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With Congress at a stalemate, little hope for western Montana concert industry

(KPAX) While most businesses are hurting as the COVID-19 pandemic deepens, the music and concert industry in Western Montana – and across the U.S. – continues to see a small fraction of last year’s business.

Local promoter Nick Checota is worried that the entire industry is within weeks of a complete collapse unless there’s some help from Washington, D.C.

Just weeks before the pandemic hit, Checota was expressing confidence for a big year for productions fromĀ Logjam Presents, with a full bill at the Kettlehouse Amphitheater and other Missoula venues.

But those plans came to a screeching halt as acts began to cancel tours. Checota said it hasn’t improved since then, especially with no movement on the “Save Our Stages” legislation to provide financial assistance.

“We’re operating at less than one-half-of-one-percent of the revenue of the prior year. So for us, basically we have no revenue coming in. But we still have property taxes. We still have overhead at the venues. We still have our mortgage payments on the venues,” Checota explained.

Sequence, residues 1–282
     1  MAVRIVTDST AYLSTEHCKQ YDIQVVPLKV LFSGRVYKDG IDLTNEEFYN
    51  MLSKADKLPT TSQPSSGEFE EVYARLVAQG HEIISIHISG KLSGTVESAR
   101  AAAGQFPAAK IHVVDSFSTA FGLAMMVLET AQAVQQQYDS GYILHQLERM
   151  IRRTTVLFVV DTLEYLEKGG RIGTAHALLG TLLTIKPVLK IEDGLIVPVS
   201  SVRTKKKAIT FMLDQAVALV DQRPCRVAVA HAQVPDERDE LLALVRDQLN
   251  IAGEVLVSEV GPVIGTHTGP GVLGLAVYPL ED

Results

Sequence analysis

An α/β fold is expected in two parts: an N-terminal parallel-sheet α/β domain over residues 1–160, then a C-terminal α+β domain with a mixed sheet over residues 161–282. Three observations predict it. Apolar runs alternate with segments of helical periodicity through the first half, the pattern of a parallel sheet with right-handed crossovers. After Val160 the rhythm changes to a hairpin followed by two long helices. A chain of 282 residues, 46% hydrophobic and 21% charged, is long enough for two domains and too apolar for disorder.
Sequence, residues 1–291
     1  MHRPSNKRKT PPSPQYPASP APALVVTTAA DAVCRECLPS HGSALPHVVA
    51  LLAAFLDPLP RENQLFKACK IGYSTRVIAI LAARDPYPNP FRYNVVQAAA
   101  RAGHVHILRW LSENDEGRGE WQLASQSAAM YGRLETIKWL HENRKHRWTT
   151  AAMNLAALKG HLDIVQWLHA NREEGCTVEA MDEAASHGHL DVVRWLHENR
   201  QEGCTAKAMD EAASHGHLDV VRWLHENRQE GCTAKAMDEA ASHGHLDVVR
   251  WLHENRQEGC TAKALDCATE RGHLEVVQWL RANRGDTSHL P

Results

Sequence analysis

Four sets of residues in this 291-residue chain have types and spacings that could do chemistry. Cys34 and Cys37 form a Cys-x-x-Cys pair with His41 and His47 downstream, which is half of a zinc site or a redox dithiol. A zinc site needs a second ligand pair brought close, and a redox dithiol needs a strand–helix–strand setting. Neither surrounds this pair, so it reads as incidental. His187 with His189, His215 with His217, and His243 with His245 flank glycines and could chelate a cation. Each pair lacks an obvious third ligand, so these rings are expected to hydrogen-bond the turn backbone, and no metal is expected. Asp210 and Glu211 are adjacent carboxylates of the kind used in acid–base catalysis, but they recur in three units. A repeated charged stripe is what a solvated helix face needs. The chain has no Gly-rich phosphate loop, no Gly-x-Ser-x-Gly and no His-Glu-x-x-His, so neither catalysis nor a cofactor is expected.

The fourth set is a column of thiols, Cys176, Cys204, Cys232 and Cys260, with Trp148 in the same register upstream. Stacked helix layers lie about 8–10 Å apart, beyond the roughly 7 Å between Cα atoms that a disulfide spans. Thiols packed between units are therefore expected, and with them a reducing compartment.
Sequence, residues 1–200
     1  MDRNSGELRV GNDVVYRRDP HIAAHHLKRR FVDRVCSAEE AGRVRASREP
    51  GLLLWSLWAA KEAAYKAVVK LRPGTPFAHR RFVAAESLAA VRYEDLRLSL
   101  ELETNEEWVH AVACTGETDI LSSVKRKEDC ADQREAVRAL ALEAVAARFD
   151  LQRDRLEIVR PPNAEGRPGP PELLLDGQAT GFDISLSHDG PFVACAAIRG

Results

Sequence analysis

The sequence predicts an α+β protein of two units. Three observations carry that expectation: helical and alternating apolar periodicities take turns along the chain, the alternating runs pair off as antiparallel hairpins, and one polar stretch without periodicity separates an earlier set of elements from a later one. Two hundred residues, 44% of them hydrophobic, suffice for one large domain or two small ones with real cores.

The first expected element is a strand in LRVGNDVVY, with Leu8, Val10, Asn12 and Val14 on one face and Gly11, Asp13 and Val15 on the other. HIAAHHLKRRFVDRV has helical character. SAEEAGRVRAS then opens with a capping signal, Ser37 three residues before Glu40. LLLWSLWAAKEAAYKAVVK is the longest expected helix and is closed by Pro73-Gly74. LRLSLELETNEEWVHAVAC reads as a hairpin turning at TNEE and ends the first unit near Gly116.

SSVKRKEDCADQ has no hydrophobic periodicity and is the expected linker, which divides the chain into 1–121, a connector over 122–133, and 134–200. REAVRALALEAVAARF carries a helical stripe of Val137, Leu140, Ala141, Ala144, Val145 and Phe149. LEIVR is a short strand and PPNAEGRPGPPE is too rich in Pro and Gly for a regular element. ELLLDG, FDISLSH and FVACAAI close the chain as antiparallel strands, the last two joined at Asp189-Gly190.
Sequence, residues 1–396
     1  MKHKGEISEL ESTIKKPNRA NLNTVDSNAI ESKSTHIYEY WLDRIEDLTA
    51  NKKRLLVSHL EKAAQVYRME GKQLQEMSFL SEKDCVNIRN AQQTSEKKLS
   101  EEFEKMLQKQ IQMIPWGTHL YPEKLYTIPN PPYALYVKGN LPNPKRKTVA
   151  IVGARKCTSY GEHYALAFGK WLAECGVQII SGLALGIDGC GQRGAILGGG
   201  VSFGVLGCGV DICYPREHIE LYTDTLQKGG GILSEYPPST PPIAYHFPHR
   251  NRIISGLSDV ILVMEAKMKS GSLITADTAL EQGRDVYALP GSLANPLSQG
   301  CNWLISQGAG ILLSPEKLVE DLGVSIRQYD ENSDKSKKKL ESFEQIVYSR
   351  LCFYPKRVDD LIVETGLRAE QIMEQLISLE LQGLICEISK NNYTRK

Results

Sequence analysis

“Save Our Stages was an incredibly important bill for us, and it’s neither party’s fault. Both parties, in my opinion, are behaving badly and we really need some of them to get something done,” he added.

Checota said Logjam Presents has been forced to lay off 125 people since the pandemic started. But the layoffs and loss of infrastructure for the music industry go much deeper, with the danger of the entire system collapsing.